“So now your body is generating the collagen, the particles disappear, and you’re not left with any foreign material,” Dr. Applebaum notes.
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If patients need significant volume restoration, you may need to plan two to four injection sessions six to eight weeks apart, while young patients needing just a little volume restoration may get a great result with only one treatment. For best results, Dr. Applebaum suggests “undertreating” areas to monitor how much the individual’s body will stimulate its own collagen before reapplying the material. “Results are going to be more gradual, and the patient will have more longevity,” he notes.

Artefill (Suneva Medical, artefill.com) is another filler option for those looking for a truly permanent result. Derek Jones, MD, associate professor of dermatology at UCLA and founder and medical director of Skin Care & Laser Physicians of Beverly Hills, California, sometimes applies Artefill to deep nasolabial folds and acne scars, though due to its nonreversibility, he uses it only for specific indications. Dr. Applebaum also cautions practitioners to look at the long-term effects of this permanent product and carefully gauge how it will react with aging skin.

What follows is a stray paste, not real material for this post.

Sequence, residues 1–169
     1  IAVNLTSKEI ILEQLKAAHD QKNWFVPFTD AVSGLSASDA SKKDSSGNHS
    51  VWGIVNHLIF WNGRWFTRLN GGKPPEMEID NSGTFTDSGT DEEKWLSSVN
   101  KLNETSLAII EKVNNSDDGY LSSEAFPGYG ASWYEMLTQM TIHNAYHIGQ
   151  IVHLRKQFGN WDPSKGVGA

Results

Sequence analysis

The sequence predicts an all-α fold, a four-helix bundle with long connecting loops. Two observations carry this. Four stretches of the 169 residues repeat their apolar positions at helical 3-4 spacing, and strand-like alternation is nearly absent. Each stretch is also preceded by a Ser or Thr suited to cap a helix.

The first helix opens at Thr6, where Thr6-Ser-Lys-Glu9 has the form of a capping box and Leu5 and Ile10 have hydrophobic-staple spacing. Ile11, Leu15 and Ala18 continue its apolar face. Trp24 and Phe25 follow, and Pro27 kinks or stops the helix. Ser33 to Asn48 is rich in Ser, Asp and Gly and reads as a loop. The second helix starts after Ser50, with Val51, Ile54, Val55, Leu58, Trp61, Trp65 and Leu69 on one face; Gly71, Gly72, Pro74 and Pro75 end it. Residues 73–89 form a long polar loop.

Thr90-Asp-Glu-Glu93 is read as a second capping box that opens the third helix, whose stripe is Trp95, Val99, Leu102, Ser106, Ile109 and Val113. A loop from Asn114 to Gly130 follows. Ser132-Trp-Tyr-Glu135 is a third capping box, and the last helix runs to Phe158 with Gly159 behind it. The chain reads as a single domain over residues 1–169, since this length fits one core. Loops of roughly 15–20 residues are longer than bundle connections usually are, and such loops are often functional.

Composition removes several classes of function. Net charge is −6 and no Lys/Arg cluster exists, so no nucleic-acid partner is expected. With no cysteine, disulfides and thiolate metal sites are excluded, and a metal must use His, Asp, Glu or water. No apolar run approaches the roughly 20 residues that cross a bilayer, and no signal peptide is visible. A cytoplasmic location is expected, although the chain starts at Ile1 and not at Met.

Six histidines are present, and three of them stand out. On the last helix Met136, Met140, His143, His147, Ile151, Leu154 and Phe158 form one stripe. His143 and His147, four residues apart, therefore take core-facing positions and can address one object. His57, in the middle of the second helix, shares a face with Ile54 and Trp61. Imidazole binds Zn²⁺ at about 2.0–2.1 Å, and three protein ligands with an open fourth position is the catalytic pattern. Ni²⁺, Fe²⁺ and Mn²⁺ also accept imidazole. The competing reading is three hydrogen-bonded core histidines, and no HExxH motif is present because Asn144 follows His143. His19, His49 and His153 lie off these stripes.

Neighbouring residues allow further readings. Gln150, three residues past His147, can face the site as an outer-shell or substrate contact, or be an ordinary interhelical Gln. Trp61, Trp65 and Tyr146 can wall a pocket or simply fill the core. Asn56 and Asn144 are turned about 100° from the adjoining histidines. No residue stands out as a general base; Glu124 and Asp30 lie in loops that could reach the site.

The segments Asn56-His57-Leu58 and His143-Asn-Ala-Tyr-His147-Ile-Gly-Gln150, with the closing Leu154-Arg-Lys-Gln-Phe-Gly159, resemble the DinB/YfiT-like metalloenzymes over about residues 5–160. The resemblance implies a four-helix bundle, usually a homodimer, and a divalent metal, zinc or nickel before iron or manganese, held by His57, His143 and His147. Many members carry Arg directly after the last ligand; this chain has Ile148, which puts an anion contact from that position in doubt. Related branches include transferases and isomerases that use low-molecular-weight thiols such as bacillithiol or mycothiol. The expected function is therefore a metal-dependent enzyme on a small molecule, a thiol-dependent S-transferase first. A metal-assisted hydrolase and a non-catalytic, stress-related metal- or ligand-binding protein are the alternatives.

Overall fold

Managing Complications

The first commercially available collagen came from bovine sources, which required skin testing weeks prior to facial injection to avoid allergic reaction. With modern HA fillers, the potential for allergic reactions is very low, says Dr. Applebaum, and no skin testing is necessary. That said, injecting fillers can yield potentially significant complications if not managed properly.

The most common complications are bruising and swelling at the injection site, which can last up to a week. To reduce bleeding and bruising, ask patients if they are taking any anticoagulant medications or supplements, including ibuprofen, aspirin, fish oil, omega-3, vitamin E and herbal supplements, including ginkgo biloba, as these may induce more bleeding, says Dr. Fitzgerald.